Visual Constancies

Modified: 2013-12-30

The visual constancies are some of the most powerful examples of the difference between perception and sensation. Once again, what we know or what we think we know will overcome or modify our sensory experience.

Size constancy occurs because we know the sizes that characterize familiar objects. Cars are bigger than people, buildings are bigger than cars, for example. So when we see a car and it is far away, the image of that car takes up less space on our retinas. As the car comes closer, its image takes up more space on our retinas, and we say it is getting closer. As noted earlier, when we view new or unfamiliar objects, we may have some trouble perceiving their distance from us.

Shape constancy refers to our knowledge about the shapes of objects. Again, we know that most objects do not change their shape, at least not very quickly. Perhaps that is why we are so fascinated with the recent computer graphic technique of morphing. Through that technique, objects (on film or computer monitor) can be made to appear to change their shape quickly. The last "Terminator" movie made heavy use of morphing. However, in the real world, objects tend to retain their shapes, and we know that.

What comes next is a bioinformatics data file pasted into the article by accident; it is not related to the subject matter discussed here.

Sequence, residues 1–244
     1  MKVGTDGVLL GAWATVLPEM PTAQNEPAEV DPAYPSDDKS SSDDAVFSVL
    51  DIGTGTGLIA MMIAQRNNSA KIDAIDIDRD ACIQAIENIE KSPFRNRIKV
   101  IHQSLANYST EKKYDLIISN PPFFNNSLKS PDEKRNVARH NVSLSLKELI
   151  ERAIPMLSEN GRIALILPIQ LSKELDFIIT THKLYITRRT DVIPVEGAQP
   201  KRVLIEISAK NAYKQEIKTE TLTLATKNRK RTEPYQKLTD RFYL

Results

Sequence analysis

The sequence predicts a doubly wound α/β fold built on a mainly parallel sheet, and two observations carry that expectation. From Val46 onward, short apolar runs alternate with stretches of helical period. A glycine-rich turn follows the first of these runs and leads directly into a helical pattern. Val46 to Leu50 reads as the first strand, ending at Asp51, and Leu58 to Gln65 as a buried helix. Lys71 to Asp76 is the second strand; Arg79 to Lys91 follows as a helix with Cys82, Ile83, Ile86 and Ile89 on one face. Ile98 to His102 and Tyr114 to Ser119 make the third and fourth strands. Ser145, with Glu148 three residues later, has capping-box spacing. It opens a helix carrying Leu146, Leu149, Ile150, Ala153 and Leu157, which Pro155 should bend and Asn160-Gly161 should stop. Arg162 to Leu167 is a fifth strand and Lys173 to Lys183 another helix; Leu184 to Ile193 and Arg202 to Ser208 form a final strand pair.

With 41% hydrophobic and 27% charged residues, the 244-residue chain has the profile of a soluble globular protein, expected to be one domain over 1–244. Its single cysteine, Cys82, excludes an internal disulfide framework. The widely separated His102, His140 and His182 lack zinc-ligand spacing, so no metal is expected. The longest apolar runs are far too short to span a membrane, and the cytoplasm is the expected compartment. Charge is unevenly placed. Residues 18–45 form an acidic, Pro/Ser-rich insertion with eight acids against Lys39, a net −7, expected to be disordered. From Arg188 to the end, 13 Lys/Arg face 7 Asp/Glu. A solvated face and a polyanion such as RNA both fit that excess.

Color constancy is a product of the difference between the action of the cones cells and the rod cells. Remember that the cones are responsible for color vision, and the rods for black-and- white-vision. When we are in a dark enough setting, we cannot see color because our cone cells are not getting enough light to work. They are below their threshold. But, we perceive the colors anyway. Why? Because we know what the colors should be.

So the constancies provide firm evidence that perception and sensation are not the same. Perception is more than the simple reporting of sensations. Perception is profoundly altered by our experience.

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